Unless you’ve been living under a rock for the past few years, then avoiding any mention of cryptocurrency has been a bit of a challenge lately. As the pandemic continues, talk of the digital asset has only increased, with the number of cryptocurrency users shooting from 52 million up to almost 75 million in the past year alone.
From the rise of Dogecoin earlier this year to the likes of Elon Musk and Mike Tyson dipping toes into the crypto pool, it’s certainly a hot topic right now. However, whether you’re new to the world of cryptocurrency or you’ve just misunderstood the small print, then you may be in for a shock. Cryptocurrency is not “free money” or any sort of lottery. Likewise, if you’ve made some gains from your crypto assets over time, then you could be looking at a hefty tax bill sometime soon.
That’s right: cryptocurrency is not tax-free. To help clear up some of the confusion and misconceptions that surround it, we’ve created this guide on how to pay cryptocurrency tax in the UK, along with a host of other key crypto topics below.
What is cryptocurrency?
Cryptocurrency (or crypto assets) are digital currencies that can be transferred, stored or traded electronically. Technologically advanced in nature, they’re secured by cryptography, which makes them near-impossible to counterfeit or double-spend.
Because of this, it’s easy to see why crypto assets have caught the attention of HMRC over the last couple of years. And because the underlying technologies of crypto are always evolving, their actual tax treatment continues to be developed too.
Because of this, HMRC tends to apply the most appropriate tax provisions on a case-by-case basis.
How to buy cryptocurrency
If you’re looking to get in on the crypto action, then you’ll need to pick a crypto exchange to open your account in. These are essentially digital marketplaces where you can buy and sell cryptocurrencies for other digital currencies or conventional money. Crypto exchanges differ in their currency offerings, user-friendliness and perks, so a bit of prior research will definitely be needed before you make your choice.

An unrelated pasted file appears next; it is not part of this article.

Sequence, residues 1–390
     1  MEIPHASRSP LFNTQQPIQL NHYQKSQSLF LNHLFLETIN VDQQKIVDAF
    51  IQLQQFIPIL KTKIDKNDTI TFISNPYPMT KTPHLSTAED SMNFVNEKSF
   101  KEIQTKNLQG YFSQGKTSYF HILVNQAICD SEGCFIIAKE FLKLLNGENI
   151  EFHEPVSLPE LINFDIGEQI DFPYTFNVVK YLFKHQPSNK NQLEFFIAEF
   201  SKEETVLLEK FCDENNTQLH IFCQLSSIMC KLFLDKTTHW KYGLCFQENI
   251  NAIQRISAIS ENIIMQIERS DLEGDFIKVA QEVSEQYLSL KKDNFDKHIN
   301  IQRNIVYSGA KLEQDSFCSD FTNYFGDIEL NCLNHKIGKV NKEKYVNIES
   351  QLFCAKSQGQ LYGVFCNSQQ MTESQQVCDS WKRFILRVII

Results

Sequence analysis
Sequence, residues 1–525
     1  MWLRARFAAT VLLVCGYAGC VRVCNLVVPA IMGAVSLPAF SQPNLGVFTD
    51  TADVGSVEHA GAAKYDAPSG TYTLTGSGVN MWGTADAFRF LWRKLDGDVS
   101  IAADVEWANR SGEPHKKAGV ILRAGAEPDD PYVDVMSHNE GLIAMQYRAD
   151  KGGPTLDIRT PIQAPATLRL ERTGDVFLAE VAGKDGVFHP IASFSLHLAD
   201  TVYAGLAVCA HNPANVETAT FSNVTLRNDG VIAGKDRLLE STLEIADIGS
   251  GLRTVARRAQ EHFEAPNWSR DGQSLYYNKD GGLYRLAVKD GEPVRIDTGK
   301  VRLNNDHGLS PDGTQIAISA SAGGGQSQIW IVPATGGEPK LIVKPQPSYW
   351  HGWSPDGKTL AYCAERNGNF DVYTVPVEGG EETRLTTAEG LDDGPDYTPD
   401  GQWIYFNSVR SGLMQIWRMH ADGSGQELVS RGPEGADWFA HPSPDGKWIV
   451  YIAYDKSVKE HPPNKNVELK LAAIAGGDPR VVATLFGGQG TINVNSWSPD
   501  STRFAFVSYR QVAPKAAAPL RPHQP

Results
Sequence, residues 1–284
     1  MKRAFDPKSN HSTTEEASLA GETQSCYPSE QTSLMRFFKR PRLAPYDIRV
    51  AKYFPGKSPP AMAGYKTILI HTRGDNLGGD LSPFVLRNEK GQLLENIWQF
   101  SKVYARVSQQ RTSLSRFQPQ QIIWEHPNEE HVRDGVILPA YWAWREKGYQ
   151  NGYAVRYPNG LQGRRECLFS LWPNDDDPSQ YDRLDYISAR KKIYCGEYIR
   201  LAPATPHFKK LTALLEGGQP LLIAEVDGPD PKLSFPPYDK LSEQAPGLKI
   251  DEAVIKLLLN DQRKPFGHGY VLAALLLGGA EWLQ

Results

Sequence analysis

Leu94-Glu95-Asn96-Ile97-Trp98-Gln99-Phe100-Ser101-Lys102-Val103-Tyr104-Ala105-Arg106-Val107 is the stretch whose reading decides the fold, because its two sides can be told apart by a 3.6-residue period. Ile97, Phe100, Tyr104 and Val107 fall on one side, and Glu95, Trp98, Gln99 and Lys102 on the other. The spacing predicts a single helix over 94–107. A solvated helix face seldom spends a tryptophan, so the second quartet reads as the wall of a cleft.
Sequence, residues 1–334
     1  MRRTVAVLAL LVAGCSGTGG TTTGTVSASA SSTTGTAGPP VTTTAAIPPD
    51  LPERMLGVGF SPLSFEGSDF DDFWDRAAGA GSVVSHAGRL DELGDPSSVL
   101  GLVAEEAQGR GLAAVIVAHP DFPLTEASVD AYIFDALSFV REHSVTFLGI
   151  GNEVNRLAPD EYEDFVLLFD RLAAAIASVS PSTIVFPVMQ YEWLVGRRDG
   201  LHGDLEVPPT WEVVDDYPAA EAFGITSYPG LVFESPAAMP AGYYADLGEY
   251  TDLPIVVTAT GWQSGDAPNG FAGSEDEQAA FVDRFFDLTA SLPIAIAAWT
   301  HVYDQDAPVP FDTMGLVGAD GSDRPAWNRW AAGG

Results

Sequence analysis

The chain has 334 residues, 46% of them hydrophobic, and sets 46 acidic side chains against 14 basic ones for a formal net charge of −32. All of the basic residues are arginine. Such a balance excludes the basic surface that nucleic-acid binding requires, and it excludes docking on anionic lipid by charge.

To keep you in control of your crypto, you’ll then need a personal crypto wallet which you can place withdrawn crypto from an exchange, peer-to-peer or ATM into. This wallet can be installed on desktop computers, laptops, tablets and even your smartphone.
Your wallet has its own private key to ensure it remains fully protected. In addition, you also have a public key, which is kind of like a public email address that you can freely give out to receive gifts and payments.
There are even web-based wallets, so you can access your cryptocurrencies and other digital assets wherever there’s an internet connection.
Whichever way you choose to store it, its main function remains; the wallet notifies the crypto exchange or other source that you wish to send and receive transactions.
From here, you can purchase your chosen crypto and withdraw the currency into your wallet with a QR code. Leaving your crypto in an exchange is not recommended since it can be hacked.
Essentially, if your crypto isn’t in your personal possession it will generally be subject to hacking. That’s why a wallet with its own private key is a must. After you’ve successfully withdrawn your currency from the exchange, you’ve successfully purchased cryptocurrency.